Phylogeny and the niche structure of meadow plant communities

Silvertown, Jonathan; Dodd, Mike and Gowing, David (2001). Phylogeny and the niche structure of meadow plant communities. Journal of Ecology, 89(3) pp. 428–435.

DOI: https://doi.org/10.1046/j.1365-2745.2001.00553.x

Abstract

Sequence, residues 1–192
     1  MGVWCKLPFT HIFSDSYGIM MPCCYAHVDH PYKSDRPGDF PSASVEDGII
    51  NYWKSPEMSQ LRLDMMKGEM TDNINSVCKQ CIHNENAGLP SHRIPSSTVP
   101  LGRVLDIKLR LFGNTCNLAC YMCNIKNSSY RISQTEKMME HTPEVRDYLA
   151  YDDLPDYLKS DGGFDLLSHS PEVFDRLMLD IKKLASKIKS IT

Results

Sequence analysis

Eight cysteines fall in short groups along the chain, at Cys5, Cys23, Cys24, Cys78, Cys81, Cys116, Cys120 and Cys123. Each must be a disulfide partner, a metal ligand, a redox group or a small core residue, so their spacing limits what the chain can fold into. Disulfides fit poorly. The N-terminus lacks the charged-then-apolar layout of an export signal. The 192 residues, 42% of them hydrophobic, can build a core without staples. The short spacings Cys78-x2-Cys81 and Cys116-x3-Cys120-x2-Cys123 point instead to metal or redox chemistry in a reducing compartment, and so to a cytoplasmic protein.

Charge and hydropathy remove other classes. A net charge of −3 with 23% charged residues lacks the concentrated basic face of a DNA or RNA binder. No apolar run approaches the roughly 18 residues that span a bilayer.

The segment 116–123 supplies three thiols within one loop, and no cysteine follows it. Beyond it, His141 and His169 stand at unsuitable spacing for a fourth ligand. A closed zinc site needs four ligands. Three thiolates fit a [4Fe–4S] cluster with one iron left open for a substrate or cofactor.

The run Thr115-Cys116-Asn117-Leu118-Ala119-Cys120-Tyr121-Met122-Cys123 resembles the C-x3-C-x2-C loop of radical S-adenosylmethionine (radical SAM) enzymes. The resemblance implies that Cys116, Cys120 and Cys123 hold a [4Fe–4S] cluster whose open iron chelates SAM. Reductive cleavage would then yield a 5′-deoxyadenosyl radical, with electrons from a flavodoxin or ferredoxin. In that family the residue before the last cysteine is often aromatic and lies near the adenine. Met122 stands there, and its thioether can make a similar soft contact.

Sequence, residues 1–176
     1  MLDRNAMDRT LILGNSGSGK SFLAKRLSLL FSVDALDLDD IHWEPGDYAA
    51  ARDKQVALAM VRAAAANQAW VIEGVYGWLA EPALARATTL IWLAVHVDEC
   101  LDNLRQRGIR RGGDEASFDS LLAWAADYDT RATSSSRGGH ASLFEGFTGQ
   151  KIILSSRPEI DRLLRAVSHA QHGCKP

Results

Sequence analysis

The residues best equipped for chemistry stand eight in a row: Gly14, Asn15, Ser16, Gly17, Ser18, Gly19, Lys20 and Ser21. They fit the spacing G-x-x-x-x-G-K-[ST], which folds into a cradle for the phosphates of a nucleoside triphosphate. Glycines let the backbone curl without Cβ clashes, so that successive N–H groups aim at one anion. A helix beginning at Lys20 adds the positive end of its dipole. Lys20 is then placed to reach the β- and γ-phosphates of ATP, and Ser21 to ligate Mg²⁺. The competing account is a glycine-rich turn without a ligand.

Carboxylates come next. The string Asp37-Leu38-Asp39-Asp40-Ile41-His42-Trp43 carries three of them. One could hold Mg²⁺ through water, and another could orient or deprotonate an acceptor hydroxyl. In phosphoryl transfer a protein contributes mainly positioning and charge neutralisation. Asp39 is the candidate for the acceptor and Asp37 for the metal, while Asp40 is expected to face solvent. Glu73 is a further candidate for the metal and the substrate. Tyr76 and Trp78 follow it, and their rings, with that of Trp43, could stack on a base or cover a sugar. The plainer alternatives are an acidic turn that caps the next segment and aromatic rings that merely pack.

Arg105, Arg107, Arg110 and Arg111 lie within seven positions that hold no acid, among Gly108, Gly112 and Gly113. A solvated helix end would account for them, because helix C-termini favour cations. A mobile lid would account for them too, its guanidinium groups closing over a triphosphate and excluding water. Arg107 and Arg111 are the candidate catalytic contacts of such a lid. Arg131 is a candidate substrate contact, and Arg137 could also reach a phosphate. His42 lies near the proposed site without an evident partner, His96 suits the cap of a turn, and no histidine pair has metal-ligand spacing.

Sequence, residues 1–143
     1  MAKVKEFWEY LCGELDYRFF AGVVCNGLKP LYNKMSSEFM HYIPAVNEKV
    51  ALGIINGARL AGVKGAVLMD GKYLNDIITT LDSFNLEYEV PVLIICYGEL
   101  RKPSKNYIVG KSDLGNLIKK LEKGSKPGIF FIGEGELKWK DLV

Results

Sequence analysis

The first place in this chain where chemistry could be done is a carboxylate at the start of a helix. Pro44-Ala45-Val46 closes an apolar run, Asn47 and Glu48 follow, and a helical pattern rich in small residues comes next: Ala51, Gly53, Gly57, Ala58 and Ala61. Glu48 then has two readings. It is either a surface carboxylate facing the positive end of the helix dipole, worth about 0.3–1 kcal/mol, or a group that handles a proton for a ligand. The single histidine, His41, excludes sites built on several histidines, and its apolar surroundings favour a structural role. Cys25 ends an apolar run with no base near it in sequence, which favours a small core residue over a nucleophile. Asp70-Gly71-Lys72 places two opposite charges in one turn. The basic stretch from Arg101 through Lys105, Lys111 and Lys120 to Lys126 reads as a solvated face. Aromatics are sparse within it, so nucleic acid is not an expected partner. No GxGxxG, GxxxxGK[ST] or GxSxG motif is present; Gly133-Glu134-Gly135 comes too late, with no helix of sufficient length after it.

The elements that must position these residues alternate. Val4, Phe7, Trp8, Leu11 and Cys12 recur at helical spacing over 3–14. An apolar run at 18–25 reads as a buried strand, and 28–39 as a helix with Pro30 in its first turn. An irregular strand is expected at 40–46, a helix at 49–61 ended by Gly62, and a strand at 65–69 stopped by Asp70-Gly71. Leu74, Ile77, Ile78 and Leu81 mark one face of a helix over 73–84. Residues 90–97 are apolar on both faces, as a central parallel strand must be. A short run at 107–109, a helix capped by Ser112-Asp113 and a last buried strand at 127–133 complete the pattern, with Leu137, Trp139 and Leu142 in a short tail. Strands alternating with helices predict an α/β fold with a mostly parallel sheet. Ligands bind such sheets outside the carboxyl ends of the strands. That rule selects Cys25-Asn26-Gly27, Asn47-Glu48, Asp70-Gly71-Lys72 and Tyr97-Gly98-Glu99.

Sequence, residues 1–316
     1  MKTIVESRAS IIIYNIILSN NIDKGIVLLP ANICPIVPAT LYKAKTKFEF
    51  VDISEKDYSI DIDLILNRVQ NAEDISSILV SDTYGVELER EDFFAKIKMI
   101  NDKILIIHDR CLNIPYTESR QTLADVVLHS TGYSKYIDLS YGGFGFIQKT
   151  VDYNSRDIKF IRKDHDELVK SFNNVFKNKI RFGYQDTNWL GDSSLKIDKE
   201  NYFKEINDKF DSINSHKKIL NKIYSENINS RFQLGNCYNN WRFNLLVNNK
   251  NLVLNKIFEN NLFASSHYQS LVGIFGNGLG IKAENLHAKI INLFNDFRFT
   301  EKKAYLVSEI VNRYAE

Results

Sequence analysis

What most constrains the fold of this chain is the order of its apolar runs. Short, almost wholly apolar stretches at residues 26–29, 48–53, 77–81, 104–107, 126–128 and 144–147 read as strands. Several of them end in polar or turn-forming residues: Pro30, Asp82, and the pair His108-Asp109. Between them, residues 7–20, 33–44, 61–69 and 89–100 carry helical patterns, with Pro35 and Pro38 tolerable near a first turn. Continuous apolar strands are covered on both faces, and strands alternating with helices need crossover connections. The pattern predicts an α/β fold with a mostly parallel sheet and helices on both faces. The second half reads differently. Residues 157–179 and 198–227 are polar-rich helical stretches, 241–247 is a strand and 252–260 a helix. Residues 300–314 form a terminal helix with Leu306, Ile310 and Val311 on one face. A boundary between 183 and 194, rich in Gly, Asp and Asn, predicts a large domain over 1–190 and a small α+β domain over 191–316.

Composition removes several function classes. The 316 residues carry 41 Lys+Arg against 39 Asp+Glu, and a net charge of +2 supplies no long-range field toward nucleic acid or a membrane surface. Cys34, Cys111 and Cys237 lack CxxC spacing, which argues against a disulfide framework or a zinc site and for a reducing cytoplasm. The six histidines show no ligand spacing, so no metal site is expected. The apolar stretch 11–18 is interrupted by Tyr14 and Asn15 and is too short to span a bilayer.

1 Because related species tend to be ecologically similar, it has long been recognized that the phylogenetic relationships between species in a community are likely to influence its structure. Previous investigations of the influence of phylogeny on community structure have generally shown that congeneric species are more frequent than would be expected if communities were randomly assembled. Because, under most theories of coexistence, stable coexistence requires ecological differences between species, the apparent excess of coexisting congeners suggests that trait differences important to coexistence must be recently evolved, arising near the tips of phylogenetic trees. 2 We test this hypothesis in two meadow plant communities for which we have good evidence of niche segregation along axes defined by hydrological conditions. 3 Niche overlaps were calculated and compared against null models for (i) all species in the community, (ii) species within genera, (iii) genera within families, (iv) families within the eudicots and monocots, and (v) eudicots and monocots. 4 Against expectation, we found that community structure was the cumulative result of niche separation arising at a range of phylogenetic levels and therefore that niche differences have been accumulated through the evolutionary history of species.

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